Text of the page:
• None of these online polls are “scientific”. To be so, they would have to have a representative sample, which is nearly impossible for an online poll.

      What they do measure is “intensity”. Intensity is how strongly people feel about the issue, and how much effort they are willing to put into the issue, one way or another.

      Talking about “accuracy” in a poll like does not make any sense, in the way that one normally thinks of polls, and that goes for any online poll. It does make sense as a measure of how passionate people are about the questions.

      These polls are a pretty good gauge of how hard people are willing to work, go to the polls, vote, and donate money on the issue.

      • Not disagreeing with you, but perhaps ‘intensity’ is a better predictor of voter turn out than the more ‘scientific’ polls. If one can’t be bothered to click one isn’t likely to come to a poll and vote either.

      • Describe where/how ANY poll has a rep sample? A libtard/pseudiintellectual fiction. Impossible. Then you start asking questions designed to get the responses desired.

        • Are you A: in favor of more gun control or are you B: in favor of baby murdering? Please chose one.

  2. Judging by Seattle Times’ past behavior, the article will either disappear, or the poll results will be reset, and a footnote added to the story about “outside interference” or some such.

    ST is a pretty biased rag, so neither would be a surprise. It would be more surprising if they did nothing.

    It took me all of about an hour to be banned from commenting on ST when I mentioned “Mandela Necklaces” in one of the first few comments on the headline story of Nelson Mandela’s death.

  3. I live in Washington and had the “opportunity” to chat with one of the signature collectors for I-594, which is the background check from our friend Mr. Bloomberg, et al.

    After confirming with the collector that he knew the content of the initiative, I posed the following:

    I work at a hospital. If someone comes in injured and armed, the law says anyone securing the firearm without getting a background check for that “transfer” would be a felon. What is his proposed solution?

    —Cue the crickets……..

    • Years ago I wound up in an emergency room with serious injuries including a pretty serious concussion. I recall as they stripped away my clothes they came upon my pistol, a 1911, in a shoulder holster. Everyone sort of froze until what I presume was the Dr. in charge leaned over looming large in my face and said, in what appeared to me to be exaggerated slow motion; ‘Can you make that safe?’ I withdrew the pistol with some effort owing to a separated shoulder and other injuries and removed the magazine and the round from the chamber. My effort left me exhausted and I sort of let the pistol and my hands fall to my chest. The Dr., with considerable aplomb, simply picked it up between two fingers as if it were soiled somehow and handed it off to an unseen (by me) person who apparently put it in the bag where the rest of my personal items were being stored. When I recovered the pistol and it’s ammunition were still in the bag stored in a cupboard in my room along with it’s ammunition and the remnants of my clothing.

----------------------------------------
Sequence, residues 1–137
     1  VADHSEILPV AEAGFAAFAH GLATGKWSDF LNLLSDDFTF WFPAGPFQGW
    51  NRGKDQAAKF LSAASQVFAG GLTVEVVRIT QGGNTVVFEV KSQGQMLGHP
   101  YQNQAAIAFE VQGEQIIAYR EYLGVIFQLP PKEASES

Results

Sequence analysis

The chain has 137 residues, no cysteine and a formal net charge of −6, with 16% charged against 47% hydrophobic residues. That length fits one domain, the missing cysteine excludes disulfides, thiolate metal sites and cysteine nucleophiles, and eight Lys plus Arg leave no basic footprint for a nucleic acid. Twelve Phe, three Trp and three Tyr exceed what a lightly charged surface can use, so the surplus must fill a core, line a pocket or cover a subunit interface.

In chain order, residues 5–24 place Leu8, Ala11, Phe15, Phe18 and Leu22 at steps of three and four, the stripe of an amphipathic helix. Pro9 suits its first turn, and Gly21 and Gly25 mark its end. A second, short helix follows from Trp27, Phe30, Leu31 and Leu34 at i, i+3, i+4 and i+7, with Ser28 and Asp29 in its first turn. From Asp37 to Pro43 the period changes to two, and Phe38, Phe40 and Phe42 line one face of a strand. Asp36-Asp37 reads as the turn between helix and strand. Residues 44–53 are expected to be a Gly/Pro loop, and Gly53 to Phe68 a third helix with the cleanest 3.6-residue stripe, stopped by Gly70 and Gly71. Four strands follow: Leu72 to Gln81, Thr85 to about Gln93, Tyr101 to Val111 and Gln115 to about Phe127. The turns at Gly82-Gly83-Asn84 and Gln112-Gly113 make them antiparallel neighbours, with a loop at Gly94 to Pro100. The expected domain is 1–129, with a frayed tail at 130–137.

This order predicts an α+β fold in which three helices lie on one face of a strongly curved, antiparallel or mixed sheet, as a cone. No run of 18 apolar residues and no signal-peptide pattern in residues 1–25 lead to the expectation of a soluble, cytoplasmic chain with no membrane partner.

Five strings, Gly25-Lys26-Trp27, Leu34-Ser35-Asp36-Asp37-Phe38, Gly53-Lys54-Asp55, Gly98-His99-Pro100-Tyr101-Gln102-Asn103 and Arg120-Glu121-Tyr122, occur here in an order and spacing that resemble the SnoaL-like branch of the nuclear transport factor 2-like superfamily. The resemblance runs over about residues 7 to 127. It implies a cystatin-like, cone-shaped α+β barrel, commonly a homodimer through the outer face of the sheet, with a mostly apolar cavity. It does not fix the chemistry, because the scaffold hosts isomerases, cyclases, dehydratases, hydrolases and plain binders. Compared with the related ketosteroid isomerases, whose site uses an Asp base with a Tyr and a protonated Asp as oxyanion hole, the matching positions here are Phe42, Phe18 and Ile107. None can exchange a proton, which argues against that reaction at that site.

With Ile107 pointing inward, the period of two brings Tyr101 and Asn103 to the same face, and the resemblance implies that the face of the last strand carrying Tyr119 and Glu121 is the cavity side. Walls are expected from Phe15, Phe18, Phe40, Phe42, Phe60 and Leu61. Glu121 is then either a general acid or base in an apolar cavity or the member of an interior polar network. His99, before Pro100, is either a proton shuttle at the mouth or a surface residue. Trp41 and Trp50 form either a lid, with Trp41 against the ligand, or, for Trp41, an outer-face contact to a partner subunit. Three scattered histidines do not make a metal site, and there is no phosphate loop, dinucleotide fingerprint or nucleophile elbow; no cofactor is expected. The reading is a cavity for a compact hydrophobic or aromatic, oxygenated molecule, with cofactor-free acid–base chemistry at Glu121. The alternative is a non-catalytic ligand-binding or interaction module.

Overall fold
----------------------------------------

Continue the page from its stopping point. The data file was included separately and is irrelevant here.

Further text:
These days I suspect they would call the police to come and secure the weapon. I’m left to wonder, if brought in without consent by an EMT crew, could one be charged for bringing the weapon into a hospital? I suppose that is a question that regards the nature of the local prosecutor and which can only be resolved in the courts (shudder).

      While the Dr. who asked that I secure my side arm didn’t seem to know or love the gun, his behavior at least struck me as quite professional. He and his team had encountered an item, potentially dangerous, and about which none of them seemed well informed. His reaction was to ask that the bearer of the item render it safe for them to handle in their ignorance, and for general storage in an unsecure environment.